Grateful, Thankful, #Blessed in 2018

In 2018 I began journaling more, and it has allowed me to reflect and digest the things going on in my life and in my mind (10/10 recommend journaling… seriously).

Since starting this blog, I’ve tried to stay relevant to my original purpose by sharing my health and wellness tips but have neglected expressing the importance of wellness in a more cerebral way– not just physical appearance, weight, or nutrition, but self-reflection and happiness, too. I realize that some of you reading may not know much about me personally, and what better time to self-reflect and share than the end of the year?

An excerpt from my journal after Thanksgiving read,

“It’s the day after Thanksgiving and rather than follow suit of recent years spending it at my local Target, I’m having a quiet morning in the sun room of my Aunt’s house in Fairfield, Connecticut. It’s a bitter 12 degrees that takes your breath away if you breathe too deeply, but the sun gives a warm kiss when it touches your face. My husband Michael, pup Baxter, and I have already gone for a run, I’ve showered, and Michael is generously making breakfast for the early risers in the family. Being in Connecticut gives me such a warm and fuzzy feeling that I’m trying to put into words while being mildly distracted by the family’s existential conversation in the background. I’m not entirely sure that this feeling I associate with Connecticut can be described, but perhaps I can describe this overwhelming feeling of gratitude that I haven’t felt in a long time.”

 

I don’t write very often, but when I do… the mood really strikes, and this year I’ve noticed a recurring theme of gratitude . For me it’s a new concept to truly practice being grateful. While some may call it “mindfulness” or “counting your blessings,” I’ve come to realize its importance and the peace of mind it brings to stressful times. 2018 began on a high note in a snowy cabin in Ludington, Michigan where it did not stop snowing for the 4 days we were there. Mind you, this is exactly what my husband and I were looking for—some winter frolicking in a remote area where we could cross country ski by day and cozy up with a good book and hot chocolate at night. Although this wasn’t our only mini getaway in 2018, it was one to start the year off on a high.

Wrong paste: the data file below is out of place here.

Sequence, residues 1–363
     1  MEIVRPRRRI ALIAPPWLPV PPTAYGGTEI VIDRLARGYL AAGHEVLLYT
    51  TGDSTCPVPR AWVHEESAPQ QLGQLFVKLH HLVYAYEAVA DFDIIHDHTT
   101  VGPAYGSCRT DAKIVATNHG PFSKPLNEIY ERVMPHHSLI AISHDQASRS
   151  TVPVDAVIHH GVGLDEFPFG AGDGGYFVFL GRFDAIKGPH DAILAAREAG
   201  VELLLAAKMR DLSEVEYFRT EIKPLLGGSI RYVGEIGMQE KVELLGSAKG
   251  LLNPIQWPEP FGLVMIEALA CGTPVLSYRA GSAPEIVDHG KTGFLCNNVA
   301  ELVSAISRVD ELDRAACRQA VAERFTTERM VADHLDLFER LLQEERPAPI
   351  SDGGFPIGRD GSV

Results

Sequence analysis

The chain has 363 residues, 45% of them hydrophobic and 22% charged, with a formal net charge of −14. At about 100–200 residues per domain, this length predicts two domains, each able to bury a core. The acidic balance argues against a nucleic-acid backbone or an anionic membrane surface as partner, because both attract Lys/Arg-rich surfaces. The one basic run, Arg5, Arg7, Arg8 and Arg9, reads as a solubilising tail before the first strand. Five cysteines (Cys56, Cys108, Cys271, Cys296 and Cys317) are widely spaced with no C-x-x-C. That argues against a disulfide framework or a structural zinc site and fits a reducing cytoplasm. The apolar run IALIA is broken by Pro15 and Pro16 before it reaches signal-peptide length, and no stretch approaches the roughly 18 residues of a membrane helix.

We were living in Milwaukee, WI at the time knowing that we were about to encounter massive life changes. I was finishing my last semester of graduate school while Michael was finishing his last semester of undergraduate school and diligently writing college essays and studying for the GRE with hopes of getting into a graduate program out east. We were both so intensely focused and busy that life couldn’t help but feel like a state of chronic stress with glimmers of intense joy (shout out to you, friends for keeping us sane). The nose was to the grindstone, as they say, and when we looked up were just relieved to be thinking about things other than school-that which we lived and breathed. You could say we were grateful for those moments of relief.

 

I remember it was Valentine’s Day when Michael scooped me from my research job on campus to share the news that we’d been waiting for… our lives were about to flip upside down as he was looking at schools primarily on the East Coast, and we were both Midwesterners through and through. He received a call from the program director sharing the good news that he had been accepted into the University of Pennsylvania to pursue his Master’s degree. FINALLY, I could tell my hundreds (just kidding) of relatives where we would be living in four months… Philadelphia, Pennsylvania! It felt like things were just falling into place. We finished our semesters, threw a wedding reception, and moved to Philadelphia all within a four week time period. Such good things were happening but not without stress. Enduring so much change, you can probably guess that the chronic stress didn’t come to an end after graduation but continued into the move, and well into summer.